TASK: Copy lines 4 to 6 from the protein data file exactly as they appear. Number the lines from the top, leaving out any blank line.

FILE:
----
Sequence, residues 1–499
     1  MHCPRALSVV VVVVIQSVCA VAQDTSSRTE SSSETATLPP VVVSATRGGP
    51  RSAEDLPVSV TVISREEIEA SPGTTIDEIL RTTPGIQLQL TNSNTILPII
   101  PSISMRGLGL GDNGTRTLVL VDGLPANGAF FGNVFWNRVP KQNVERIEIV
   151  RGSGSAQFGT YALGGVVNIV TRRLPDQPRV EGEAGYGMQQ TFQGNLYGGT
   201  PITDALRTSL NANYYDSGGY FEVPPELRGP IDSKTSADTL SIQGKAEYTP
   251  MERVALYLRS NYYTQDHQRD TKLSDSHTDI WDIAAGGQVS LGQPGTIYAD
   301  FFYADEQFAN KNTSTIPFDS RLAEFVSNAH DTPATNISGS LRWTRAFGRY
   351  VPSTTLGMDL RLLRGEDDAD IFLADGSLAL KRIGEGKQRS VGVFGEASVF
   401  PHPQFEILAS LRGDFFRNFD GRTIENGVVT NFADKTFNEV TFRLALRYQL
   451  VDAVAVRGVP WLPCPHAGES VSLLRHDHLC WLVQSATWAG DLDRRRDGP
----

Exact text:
   101  PSISMRGLGL GDNGTRTLVL VDGLPANGAF FGNVFWNRVP KQNVERIEIV
   151  RGSGSAQFGT YALGGVVNIV TRRLPDQPRV EGEAGYGMQQ TFQGNLYGGT
   201  PITDALRTSL NANYYDSGGY FEVPPELRGP IDSKTSADTL SIQGKAEYTP